Portrait of Princess Catalina Micaela, Daughter of Philip II of Spain (1579)
|Princess Catalina Micaela, Daughter of Philip II of Spain (1579)|
Attributed to Juan Pantoja de la Cruz (1554 – 1608)
Oil on Canvas, 1579
Formerly titled Unknown Spanish Lady.
Previously attributed to Alonso Sanchez Coella (1531 – 1588)
Portrayed in full length, the sitter, The Infanta Catalina Micaela (1567 – 1597) is only 12 years old in this portrait but appears older because of the maturity in her pose and the style of her dress.
This fascinating, almost life-size painting opens up 16th century Europe, the death of a King and a strong young woman from the De Medici family line and stepdaughter of Bloody Mary of England.
It was common for royal children to be depicted as miniature adults; indeed, this portrait maintains the distant, severe, and inexpressive appearance set for members of the royal family, regardless of their age. Portraits were used within the royal family to show the healthy growth of the dynasty’s children. They were also necessary tools in matters of succession and matrimonial politics.
In this portrait, Catalina is wearing Spanish court dress made from very fine silk, lace, gold thread and velvet – fabrics meant to convey her indisputable status in society. Her ornate jewellery would have been family heirlooms. The rings are fine gems and pearls set in gold. In her right hand, she is holding her necklace that reaches to the bottom of her basque. She holds gloves in her left hand.
The Latin text reads AETATIS SUAE 12 ANNO DNI. 1539 (at the age of 12 in the year of our Lord 1539). The date of 1539 was queried in 1955 and was shown by ultra-violet examination to be covering a later date of 1579. As Catalina was not born until 1567, this irregularity is certainly unusual.
WHO WAS THE INFANTA CATALINA?
Catalina Micaela was the youngest of the two daughters of King Philip II of Spain and his third wife Elisabeth of Valois. She was likely named after her grandmother, the formidable Catherine de Medici, who was named by historians as “the most important woman in Europe in the 16th century”.
Catalina and her sister Isabella unexpectedly became heirs to the Spanish Empire following the sudden deaths of their half-brother and mother. Without their mother, Catalina and Isabella were put under the care of her Lady-in-Waiting Sofonisba Anguissola, who was also a highly skilled court artist. Her childhood seemed to be a happy one, accompanied by her favorite animal companions, including a long-tailed marmoset from Brazil, for which she had court dressmakers create smocks and other clothes.
Catalina grew to be a strong and determined girl. She was described as beautiful and intelligent, as well as arrogant and very aware of her powerful status.
A NEW LIFE IN ITALY
When she was 18 Catherine married Charles Emmanuel I, Duke of Savoy (a strategic marriage) and moved to Turin, Italy. Her father sent her with strict instructions on how to run her household and uphold the Spanish royal court’s very formal rules of etiquette. Catalina, however, struggled to enforce the rules. Hardly surprising when she was a very young and newly married duchess in a foreign land. She had to adapt to a new country and a new life, let alone try to enforce new rules of etiquette.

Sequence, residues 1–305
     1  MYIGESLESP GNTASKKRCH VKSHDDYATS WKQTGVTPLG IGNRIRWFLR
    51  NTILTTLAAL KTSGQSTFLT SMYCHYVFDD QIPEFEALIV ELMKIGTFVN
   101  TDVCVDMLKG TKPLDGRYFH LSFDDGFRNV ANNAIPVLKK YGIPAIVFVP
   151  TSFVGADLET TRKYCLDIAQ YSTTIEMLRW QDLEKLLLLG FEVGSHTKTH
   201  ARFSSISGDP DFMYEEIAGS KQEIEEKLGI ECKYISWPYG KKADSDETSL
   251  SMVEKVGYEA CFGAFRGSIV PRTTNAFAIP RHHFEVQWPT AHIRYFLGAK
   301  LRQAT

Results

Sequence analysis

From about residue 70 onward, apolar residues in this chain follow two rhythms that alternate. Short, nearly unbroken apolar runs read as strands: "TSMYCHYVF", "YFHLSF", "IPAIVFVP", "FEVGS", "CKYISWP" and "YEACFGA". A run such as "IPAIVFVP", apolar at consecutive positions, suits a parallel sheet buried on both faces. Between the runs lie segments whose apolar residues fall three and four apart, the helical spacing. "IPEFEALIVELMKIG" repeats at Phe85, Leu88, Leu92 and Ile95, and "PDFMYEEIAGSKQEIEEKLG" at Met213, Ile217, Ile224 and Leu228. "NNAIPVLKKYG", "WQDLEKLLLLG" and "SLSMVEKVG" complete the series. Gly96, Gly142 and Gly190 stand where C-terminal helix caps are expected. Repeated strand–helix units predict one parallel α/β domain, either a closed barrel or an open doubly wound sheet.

Her husband’s physical disability (curvature of the spine) did not seem to impede his military prowess, nor his marriage. By 1597 Catherine had given birth to ten children: Philip Emmanuel (1586–1605), Victor Amadeus (1587–1637), Emanuel Filibert of Savoy (1588–1624), Margaret (1589–1655), Isabella (1591–1626), Maurice (1593–1657), Maria Apollonia (1594–1656), Francesca Caterina (1595–1640), Thomas Francis (1596–1656) and Giovanna (born and died 1597). Charles also fathered at least another eleven children with his numerous mistresses.
WHY IS IT IN OUR COLLECTION?
This portrait came into our possession from the collection of the Storey Institute in 1976. As beautiful as it is, and as significant as it is to the art world, it has no connection to Lancaster.
Works by this artist are also held in the Royal Collection, returned to the collection after being sold in the Commonwealth Sale which followed the execution of King Charles I between 1649-51. Cromwell’s republican regime sold off nearly 2,000 paintings, tapestries, statues, and drawings in an attempt to settle the dead king’s enormous debts. It is possible that this painting came from the court of King Charles and was caught up in the disposal of art. There is one unidentified painting in the sale inventory that fits this description, entitled Child or Spanish Lady, which would tie in with what this painting was formerly known as.
Many paintings were given to tradesmen in lieu of outstanding payment for their work for the King. The painting in the royal inventory was sold to a buyer called Jackson for £2, which is the equivalent today of £298.03 (approximately 38 days labour for a skilled tradesman). *
If that is indeed where the painting originated. We could not and would not acquire work such as this today. As you can see, years of chimney smoke have darkened the painting, leaving it needing conservation cleaning; a process that is both lengthy and expensive.
*Inflation calculator | Bank of England